Idahoans show up in defense of libraries for a “Freedom to Read-In”

Illustration by Sydney Smith

Over 200 Idahoans gathered in the Capitol rotunda for a “Freedom to Read-In,” in defiance of HB 384 on Jan. 13. Some held signs with phrases such as “Ban Hate Not Books” or held up physical copies of recently banned books.

HB 384, or The Children’s School and Library Protection Act, is a bill that redefines “obscene materials” in reference to library books, and requires schools to pay a fine of up to $250 dollars if a minor checks out a book that meets the qualifications outlined in the definitions. 

Protesting restrictions on library materials is nothing new to Idaho’s libraries. A similar bill was proposed in 2023, but the House was unsuccessful in overriding Governor Brad Little’s veto. 

The “Freedom to Read-In” was organized by the Idaho Library Association, Meridian Library Alliance, North Central Idaho Alliance, Community Library Network Alliance and Rediscovered Books. 

A 2024 candidate for district one’s representative seat, Kaylee Peterson, is passionate about children’s access to books. She said she attended the read-in because “Immediately, you hear our libraries are under attack … and it becomes a top priority”.  

“I have never once met a child harmed by a book or a library … [books are] a literal lifeline to give support and resources … that is what these ‘graphic and obscene materials’ really are,” Peterson said in her testimony.

Peterson shared that libraries were one of the only places she felt safe as a child. She now travels across the state to ensure people understand books are not as harmful as some may say. 

One of the attendees of the read-in was Amy Armstrong. Armstrong is a Teacher Librarian at Heritage Middle School in the West Ada district.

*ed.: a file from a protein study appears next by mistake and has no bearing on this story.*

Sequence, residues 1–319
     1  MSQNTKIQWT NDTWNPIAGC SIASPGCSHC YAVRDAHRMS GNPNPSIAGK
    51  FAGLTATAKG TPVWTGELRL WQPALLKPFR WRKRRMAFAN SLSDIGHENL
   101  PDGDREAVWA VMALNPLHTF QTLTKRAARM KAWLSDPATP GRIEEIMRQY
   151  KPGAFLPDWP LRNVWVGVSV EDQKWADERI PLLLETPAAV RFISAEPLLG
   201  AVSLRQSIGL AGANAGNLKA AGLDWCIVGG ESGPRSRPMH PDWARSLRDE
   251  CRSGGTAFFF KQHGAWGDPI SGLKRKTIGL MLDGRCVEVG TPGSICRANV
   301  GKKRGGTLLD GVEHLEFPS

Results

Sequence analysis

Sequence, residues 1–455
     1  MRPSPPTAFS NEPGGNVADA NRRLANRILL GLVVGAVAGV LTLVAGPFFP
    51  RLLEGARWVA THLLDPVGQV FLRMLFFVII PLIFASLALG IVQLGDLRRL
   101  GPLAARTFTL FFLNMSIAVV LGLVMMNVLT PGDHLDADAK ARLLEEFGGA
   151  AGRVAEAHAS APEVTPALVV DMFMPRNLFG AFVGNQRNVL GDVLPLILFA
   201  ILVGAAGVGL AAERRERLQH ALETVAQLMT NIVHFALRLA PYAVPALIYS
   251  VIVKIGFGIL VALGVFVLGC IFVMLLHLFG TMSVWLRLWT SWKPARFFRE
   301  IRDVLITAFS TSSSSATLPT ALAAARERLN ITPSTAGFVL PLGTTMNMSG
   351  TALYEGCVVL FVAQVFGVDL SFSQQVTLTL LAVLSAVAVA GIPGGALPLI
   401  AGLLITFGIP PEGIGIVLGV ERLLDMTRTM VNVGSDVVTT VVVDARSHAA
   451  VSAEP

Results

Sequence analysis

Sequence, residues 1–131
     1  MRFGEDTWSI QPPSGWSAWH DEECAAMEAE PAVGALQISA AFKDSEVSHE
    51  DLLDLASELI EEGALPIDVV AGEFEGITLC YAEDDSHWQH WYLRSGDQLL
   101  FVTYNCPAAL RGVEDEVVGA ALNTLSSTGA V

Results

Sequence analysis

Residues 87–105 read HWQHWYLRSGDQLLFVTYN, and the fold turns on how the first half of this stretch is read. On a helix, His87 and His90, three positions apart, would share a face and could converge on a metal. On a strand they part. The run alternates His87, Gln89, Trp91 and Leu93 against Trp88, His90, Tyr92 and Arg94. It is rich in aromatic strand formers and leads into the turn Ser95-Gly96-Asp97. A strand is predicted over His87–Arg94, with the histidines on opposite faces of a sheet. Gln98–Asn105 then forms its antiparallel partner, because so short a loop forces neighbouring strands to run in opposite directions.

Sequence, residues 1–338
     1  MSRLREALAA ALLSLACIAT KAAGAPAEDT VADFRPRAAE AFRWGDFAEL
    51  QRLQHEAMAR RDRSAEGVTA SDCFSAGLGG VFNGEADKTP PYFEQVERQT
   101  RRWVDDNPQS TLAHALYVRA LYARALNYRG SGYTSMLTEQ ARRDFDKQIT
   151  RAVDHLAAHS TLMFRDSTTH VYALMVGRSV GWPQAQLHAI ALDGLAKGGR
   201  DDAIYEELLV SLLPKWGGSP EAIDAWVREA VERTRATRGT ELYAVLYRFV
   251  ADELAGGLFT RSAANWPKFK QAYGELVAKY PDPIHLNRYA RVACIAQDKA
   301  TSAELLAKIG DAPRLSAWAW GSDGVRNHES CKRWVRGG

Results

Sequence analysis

“I am passionate about reading and protecting the rights of readers … I’ve seen the library as a safe space for all students. No-one should be able to tell you what you can and can’t read,” Armstrong said. 

“The administration [recently] took a list of forty-two books … and they are in administrative review to see if they will be removed,” Amrstong said. 

In December 2023, West Ada removed 10 books from their libraries. Since the news of these initial removals was published in local newspapers, librarians have yet to hear about the status of the other 32 books. 

While librarians may not have access to the West Ada’s book review meetings, they are involved with the students who come through their libraries. 

“In my fifteen years of being a librarian I’ve had two parent complaints and both were resolved with just not letting that child check out books about romance,” Armstrong said. “It’s really easy to resolve it if it is a parent who has an issue, but when it is someone in the district that doesn’t have children attending schools, the resolution is removing the books. And they won’t be happy until that’s done.” 

Boise State students also attended the “Freedom to Read-In”. 

“The library has been such a safe haven for me … books are such a critical resource,” Cat Merrill, a senior studying biology at Boise State said. 

Tristan Pinkerton, a sophomore studying physics at Boise State, is concerned about the bill’s restriction of homosexual content. 

“The idea that you can’t have any sexual representation, which is as little as two men holding hands … I wanted to come out here and sort of rally against that,” Pinkerton said.

On Jan. 18, HB 384 was returned to the State Affairs Committee.

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